All of us have friends or family members who have lost or left the faith of their childhood or high school days. Statisticians tell us that the number of “nones” in America is rapidly rising, those who list their religious affiliation as “none.” Most of these are actually “no longers.” They check “none” now, but not too long ago they would have answered differently.

This trend reveals in real life a double Biblical principle: that faith is a gift and faith must be nurtured and protected to survive.  In 2 Timothy Paul wrote to his young disciple: I am reminded of your sincere faith, a faith that dwelt first in your grandmother Lois and your mother Eunice and now, I am sure, dwells in you as well. 6For this reason I remind you to fan into flame the gift of God, which is in you through the laying on of my hands. (2 Tim 1:5-6).

Many of the young adults who are leaving the faith were raised in Christian homes, like Timothy. Godly nurture in childhood is a huge blessing, but it is not enough. We don’t know the details, but at some point, with the assistance of Paul and the laying on of hands, the faith that Timothy had received as a child, burst into flame, as it were, and became a living reality in his life. I have seen this happen in the lives of young people. Perhaps you have too. Or perhaps you have your own story to tell.

Using the metaphor of fire, Paul urges Timothy to take care of his faith, to “fan into flames the gift of God.”

There is mystery here. I can’t answer every question. Is faith a gift or a choice, a decision, a conviction? Yes. Can true faith ever be lost? Sure seems like it, though I know there are theoretical arguments to the contrary. All I can say is that I have seen people slide from vibrant, sincere, contagious faith into doubt and denial, and even become vigorous opponents of their former faith.

How does this happen? There are many factors (almost anything will do the job under the right circumstances) but it is usually a gradual process.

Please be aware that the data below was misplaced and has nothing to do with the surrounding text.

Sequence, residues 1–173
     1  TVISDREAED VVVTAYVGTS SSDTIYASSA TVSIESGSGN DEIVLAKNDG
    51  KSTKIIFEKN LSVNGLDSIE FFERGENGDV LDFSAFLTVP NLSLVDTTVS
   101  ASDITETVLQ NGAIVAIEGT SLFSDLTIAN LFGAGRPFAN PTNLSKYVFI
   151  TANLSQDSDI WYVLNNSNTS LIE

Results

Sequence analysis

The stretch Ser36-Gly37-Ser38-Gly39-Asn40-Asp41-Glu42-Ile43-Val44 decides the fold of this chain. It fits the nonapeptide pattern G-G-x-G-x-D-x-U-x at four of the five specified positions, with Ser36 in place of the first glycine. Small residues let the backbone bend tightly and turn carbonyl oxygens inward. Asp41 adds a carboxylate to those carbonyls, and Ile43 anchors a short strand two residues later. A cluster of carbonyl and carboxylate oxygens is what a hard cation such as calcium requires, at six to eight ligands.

You’ve heard this old “joke” no doubt: “Man A: How did you go broke? Man B: Very slowly, and then all at once.” I think that is how it is with faith.

We can be in a gradual decline for a long time. We often do not even know it, or do not think it is serious. We imagine that we can turn it around anytime, that we are just taking a break, or maybe checking out other points of view. Then all at once, like a sort of dark epiphany, we suddenly realize we don’t believe any of that stuff any more, and we wonder how we ever did. The brave new world of unbelief makes perfect sense now. It’s not scary like we thought it might be, and feels like freedom. A freedom we have never felt before. Intoxicating. Bracing.  Bold. A new community stands ready to welcome you in. It is all so simple and clear now. You wonder what you were so afraid of. You don’t need God after all.

The journey back from this place is very difficult, and not many seem to be making it, though we who pray for these lost ones hold out hope till the bitter end, and even beyond. The danger is not that they can’t return to faith, but that they will no longer want to or even feel the need.  The Christian way becomes more puzzling.  Some Christians seem nice enough, and good for them, live and let live, but really it just doesn’t make sense for you.